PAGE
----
The stakes are huge.

The nation’s strategy for deterring nuclear war rests in part on the 450 Minuteman 3 missiles that stand ready, 24/7, to launch at a moment’s notice from underground silos in five states.

Air Force admits nuclear flaws, faces uncertain path to remedying underinvestment, low morale | Fox News

The Most Dangerous Nuclear Threat No One Is Talking About | The National Interest Blog

While Iran and North Korea’s nuclear programs are all the rage these days, the most dangerous nuclear threat facing the world continues to go largely unnoticed.

Namely, China and India are both on the cusp of deploying multiple independently targetable reentry (MIRV) vehicles on their ballistic missiles, a development that is likely to have profound, far-reaching consequences for the region and beyond.

In other words, MIRVs are extremely destabilizing because they make adversary’s nuclear arsenals vulnerable to being wiped out in a surprise first strike. To compensate for this fact, states must come up with innovative ways to secure their deterrent from an enemy first strike. This usually entails increasing the size of one’s arsenal, and further dispersing to make it more difficult for an enemy to conduct a successful first strike. For example, when the U.S. first deployed MIRVed missiles in 1968, the Soviet Union had less than 10,000 nuclear warheads. A decade later, however, it had over 25,000 (of course, the Soviet Union deploying its own MIRVed missiles incentivized expanding the size of its arsenal since more warheads were needed per missile).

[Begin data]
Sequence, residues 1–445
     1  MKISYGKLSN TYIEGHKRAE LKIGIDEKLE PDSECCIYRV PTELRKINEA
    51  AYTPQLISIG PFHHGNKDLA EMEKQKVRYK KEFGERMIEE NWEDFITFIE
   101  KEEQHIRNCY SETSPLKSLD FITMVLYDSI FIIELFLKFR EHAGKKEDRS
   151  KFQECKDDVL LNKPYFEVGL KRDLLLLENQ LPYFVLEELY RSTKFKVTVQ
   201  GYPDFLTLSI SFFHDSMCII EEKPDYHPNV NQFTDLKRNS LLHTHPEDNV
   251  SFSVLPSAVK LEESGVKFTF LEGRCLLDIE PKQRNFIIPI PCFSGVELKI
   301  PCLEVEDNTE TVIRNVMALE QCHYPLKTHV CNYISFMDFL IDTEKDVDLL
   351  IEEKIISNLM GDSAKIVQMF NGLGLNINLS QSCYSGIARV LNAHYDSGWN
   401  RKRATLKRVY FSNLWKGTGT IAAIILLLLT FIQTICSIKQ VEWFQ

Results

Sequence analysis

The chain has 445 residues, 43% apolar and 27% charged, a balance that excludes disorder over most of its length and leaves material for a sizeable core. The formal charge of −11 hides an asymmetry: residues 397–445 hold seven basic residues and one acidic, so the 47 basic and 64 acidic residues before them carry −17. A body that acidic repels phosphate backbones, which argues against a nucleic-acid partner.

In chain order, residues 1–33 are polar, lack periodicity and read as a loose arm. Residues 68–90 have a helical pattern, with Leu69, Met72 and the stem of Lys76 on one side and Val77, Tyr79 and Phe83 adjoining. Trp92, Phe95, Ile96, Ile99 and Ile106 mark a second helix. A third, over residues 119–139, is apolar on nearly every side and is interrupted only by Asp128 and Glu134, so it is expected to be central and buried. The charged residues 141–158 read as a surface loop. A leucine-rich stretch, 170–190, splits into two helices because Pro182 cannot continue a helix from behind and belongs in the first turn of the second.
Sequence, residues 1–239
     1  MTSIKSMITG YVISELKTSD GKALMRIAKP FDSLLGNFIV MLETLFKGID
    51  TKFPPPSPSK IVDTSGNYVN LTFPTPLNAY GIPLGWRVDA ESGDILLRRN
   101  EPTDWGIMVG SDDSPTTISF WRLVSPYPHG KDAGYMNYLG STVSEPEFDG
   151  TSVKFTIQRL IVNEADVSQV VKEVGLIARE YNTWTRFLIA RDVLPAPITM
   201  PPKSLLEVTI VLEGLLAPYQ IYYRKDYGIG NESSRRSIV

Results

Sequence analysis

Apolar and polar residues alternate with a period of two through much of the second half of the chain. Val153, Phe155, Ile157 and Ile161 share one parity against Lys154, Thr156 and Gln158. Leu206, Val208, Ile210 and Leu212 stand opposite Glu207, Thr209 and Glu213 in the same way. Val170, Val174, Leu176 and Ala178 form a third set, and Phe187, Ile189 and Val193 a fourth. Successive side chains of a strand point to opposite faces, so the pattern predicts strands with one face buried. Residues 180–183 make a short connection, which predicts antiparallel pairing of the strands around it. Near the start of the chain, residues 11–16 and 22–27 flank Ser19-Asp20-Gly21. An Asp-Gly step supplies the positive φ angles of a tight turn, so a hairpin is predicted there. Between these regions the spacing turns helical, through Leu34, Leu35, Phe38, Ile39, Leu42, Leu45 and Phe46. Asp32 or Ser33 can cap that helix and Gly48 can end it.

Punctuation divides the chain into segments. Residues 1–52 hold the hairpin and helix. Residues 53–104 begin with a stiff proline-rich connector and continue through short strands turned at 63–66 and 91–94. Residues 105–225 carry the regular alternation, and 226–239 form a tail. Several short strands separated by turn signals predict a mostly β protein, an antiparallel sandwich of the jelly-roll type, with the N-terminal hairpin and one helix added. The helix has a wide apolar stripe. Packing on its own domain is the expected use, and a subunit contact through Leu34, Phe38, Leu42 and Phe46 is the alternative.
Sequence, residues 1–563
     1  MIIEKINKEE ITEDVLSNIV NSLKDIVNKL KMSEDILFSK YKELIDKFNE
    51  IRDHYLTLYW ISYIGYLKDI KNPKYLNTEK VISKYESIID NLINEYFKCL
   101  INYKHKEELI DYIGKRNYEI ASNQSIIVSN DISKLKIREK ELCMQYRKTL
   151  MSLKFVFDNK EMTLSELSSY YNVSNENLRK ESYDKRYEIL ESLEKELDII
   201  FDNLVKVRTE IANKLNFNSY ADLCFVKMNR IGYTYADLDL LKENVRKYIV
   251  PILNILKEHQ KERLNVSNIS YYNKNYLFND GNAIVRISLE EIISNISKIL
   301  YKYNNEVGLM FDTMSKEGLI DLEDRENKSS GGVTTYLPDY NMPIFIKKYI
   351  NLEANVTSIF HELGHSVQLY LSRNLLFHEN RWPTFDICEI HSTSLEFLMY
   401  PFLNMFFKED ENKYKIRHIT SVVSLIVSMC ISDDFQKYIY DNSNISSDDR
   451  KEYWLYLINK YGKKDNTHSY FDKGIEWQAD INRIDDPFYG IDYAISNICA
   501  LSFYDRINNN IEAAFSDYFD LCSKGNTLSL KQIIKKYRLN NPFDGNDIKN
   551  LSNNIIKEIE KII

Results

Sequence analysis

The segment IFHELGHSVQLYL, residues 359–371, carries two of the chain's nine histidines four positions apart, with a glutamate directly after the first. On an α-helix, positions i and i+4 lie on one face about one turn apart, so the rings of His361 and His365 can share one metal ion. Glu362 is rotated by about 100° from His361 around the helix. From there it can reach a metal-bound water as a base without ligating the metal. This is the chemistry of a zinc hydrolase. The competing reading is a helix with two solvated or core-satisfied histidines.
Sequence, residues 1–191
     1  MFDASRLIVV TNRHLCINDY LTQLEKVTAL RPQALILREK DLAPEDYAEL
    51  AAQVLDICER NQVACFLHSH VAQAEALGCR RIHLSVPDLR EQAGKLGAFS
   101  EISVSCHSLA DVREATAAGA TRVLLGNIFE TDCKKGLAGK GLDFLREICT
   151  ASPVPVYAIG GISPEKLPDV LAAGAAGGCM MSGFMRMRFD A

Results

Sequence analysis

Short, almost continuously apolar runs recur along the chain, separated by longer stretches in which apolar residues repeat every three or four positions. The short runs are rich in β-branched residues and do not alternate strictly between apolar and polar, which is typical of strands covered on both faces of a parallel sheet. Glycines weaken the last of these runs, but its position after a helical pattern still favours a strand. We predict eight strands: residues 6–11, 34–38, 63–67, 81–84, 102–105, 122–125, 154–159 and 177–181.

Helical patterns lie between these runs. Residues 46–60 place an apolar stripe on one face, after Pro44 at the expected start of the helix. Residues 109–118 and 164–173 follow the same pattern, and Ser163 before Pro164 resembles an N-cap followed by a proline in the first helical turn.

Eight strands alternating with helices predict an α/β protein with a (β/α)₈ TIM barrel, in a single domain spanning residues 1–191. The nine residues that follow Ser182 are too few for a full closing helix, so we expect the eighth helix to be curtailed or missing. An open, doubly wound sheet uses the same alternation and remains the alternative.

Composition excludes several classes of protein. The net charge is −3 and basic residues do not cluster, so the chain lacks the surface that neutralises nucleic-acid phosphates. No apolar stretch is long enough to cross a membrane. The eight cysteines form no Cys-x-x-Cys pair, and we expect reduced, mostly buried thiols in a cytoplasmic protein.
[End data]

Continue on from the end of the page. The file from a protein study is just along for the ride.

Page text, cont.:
The Most Dangerous Nuclear Threat No One Is Talking About | The National Interest Blog

Welcome to China and America’s Nuclear Nightmare | The National Interest

FOR ALL the focus on maritime disputes in the South and East China Seas, there is an even greater peril in Asia that deserves attention. It is the rising salience of nuclear weapons in the region. China’s military buildup—in particular its growing capabilities to blunt America’s ability to project effective force in the western Pacific—is threatening to change the military balance in the area. This will lead to a cascade of strategic shifts that will make nuclear weapons more central in both American and Chinese national-security plans, while increasing the danger that other regional states will seek nuclear arsenals of their own. Like it or not, nuclear weapons in Asia are back.

For seventy years, the United States has militarily dominated maritime Asia. During this era, U.S. forces could, generally speaking, defeat any challenger in the waters of the western Pacific or in the skies over them. Washington established this preeminence and has retained it in the service of a strategy motivated both by parochial interests such as protecting American territory and commerce as well as by more high-minded aspirations to foster the growth and development of prosperous, liberal societies within the region. Military primacy has been the crucial underwriter, the predicate of broader American strategy.

Welcome to China and America’s Nuclear Nightmare | The National Interest